I want to gently respond to Robert Scoble’s post about offshoring and Open Source:
I find it ironic that Slashdot is worrying about offshoring of programming. These are the same folks who cheer everytime a country like Israel or China chooses to go with free software over software written in America that costs money. Nice to know they care.
At a high level, you we can state that offshoring and choosing open source software are driven by first-order optimization: it may be, in some cases, cheaper to use Linux or outsource work overseas.
However, I don’t think the comparison holds up that well.
Much of what’s outsourced is ‘commodity’ work. Even if the projects were written in C# rather than Perl, that work would go overseas.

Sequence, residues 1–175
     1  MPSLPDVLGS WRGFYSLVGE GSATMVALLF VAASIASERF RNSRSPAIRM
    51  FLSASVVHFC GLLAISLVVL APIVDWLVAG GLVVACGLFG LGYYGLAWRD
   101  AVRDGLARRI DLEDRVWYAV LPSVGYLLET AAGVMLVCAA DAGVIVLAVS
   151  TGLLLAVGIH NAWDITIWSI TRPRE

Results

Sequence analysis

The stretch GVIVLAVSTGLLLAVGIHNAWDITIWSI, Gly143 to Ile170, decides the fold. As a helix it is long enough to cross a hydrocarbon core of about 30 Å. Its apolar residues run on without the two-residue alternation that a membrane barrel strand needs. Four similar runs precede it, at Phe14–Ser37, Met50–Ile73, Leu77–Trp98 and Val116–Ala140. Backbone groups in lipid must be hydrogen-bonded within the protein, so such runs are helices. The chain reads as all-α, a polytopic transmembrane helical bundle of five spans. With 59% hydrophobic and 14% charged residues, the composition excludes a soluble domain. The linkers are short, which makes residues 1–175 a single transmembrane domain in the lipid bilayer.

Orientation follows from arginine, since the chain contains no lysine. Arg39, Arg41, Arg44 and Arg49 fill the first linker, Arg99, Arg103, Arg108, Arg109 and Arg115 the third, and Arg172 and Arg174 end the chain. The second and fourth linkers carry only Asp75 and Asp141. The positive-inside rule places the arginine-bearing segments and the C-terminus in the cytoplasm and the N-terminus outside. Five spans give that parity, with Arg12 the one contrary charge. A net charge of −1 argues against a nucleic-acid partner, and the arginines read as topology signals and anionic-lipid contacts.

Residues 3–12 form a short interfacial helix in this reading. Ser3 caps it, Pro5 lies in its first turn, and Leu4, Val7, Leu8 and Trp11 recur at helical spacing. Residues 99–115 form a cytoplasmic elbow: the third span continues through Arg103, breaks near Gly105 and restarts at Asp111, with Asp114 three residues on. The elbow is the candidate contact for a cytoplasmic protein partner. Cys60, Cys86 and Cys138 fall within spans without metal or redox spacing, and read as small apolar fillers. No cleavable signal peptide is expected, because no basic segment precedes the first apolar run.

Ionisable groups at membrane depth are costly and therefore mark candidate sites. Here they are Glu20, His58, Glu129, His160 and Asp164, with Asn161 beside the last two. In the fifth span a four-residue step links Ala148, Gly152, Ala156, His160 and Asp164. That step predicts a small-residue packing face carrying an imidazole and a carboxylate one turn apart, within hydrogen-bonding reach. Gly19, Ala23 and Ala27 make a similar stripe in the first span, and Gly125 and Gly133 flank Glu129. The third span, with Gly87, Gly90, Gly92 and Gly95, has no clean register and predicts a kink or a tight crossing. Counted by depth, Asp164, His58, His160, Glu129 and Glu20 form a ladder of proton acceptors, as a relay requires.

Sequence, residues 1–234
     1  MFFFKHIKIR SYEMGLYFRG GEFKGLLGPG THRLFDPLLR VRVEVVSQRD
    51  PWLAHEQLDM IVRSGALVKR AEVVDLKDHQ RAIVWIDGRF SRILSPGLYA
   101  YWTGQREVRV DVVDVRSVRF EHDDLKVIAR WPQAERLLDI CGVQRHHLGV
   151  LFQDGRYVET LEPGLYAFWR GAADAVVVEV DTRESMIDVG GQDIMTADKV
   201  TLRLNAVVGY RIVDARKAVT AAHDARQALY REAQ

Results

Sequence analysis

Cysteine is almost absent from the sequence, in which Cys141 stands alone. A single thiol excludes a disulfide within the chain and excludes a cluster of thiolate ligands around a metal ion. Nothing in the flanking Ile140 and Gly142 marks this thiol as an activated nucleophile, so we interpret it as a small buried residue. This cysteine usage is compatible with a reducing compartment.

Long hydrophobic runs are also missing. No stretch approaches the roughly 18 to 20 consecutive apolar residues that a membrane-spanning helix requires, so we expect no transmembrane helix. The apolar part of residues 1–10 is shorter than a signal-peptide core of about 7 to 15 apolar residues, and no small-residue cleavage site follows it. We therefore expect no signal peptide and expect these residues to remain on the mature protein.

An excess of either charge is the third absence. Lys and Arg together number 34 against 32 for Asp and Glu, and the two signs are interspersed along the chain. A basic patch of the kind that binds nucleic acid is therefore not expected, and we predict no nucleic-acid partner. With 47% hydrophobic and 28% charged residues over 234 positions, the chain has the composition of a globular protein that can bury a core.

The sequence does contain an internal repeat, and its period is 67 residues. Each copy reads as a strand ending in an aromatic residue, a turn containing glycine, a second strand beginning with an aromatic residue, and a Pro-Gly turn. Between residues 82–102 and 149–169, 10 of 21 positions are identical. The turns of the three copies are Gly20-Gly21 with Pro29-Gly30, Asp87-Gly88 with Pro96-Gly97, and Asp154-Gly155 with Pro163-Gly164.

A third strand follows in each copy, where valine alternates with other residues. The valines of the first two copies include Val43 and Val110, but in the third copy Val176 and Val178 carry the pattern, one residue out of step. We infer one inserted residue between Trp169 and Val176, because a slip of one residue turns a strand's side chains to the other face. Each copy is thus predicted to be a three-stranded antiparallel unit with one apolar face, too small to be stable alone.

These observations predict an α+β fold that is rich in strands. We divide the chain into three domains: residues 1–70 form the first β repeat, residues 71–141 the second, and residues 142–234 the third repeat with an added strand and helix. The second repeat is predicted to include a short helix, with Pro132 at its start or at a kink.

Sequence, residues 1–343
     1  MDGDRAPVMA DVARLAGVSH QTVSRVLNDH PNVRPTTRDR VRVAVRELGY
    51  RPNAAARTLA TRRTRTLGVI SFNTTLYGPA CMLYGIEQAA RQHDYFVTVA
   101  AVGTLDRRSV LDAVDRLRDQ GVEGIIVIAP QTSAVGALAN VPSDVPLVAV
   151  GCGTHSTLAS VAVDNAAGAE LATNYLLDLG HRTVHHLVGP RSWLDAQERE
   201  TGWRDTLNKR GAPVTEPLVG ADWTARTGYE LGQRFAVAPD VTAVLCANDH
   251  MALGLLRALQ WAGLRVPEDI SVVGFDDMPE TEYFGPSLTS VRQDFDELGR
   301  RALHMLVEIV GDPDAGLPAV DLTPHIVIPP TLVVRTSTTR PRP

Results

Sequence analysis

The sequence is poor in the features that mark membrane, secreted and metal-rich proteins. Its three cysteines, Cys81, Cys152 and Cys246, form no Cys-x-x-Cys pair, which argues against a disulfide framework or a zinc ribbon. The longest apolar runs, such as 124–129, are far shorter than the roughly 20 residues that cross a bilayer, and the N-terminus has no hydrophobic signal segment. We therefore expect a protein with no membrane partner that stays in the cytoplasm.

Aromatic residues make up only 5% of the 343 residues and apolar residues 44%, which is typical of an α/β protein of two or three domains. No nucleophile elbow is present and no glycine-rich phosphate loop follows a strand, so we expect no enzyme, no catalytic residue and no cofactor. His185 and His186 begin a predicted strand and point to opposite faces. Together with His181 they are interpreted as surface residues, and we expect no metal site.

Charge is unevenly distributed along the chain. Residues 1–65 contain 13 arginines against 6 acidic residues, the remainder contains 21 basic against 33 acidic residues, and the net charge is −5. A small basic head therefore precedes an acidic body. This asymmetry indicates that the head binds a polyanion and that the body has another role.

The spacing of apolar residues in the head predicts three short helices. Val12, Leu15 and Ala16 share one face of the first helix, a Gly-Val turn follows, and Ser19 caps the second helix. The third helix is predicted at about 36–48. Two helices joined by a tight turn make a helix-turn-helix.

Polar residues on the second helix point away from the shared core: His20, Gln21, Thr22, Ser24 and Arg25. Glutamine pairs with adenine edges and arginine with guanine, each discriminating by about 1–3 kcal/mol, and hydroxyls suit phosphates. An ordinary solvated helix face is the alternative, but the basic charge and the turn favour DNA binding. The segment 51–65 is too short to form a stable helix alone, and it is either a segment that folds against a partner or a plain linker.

China and Israel’s choice to use Open Source over Microsoft tools means that for those decision makers, the Open Source value proposition is better than Microsoft’s, Apple’s, SCO’s, or HP’s (to name a few vendors.)
I don’t see offshoring going away unless eXtreme Programming and other rapid methodologies are adopted by IT organizations, and are demonstrated as less expensive than outsourcing ‘traditional’ methods.
However, there’s a market for platforms, and Microsoft, Apple, and Open Source compete.
Robert, if Microsoft wants China, then Longhorn, as software you buy, has to be more compelling then good old grubby command line and scary window manager Linux. But regardless of if it’s developed in .Net, J2EE, Project Builder, or LAMP, most likely we’ll see most IT work developed in China and India.
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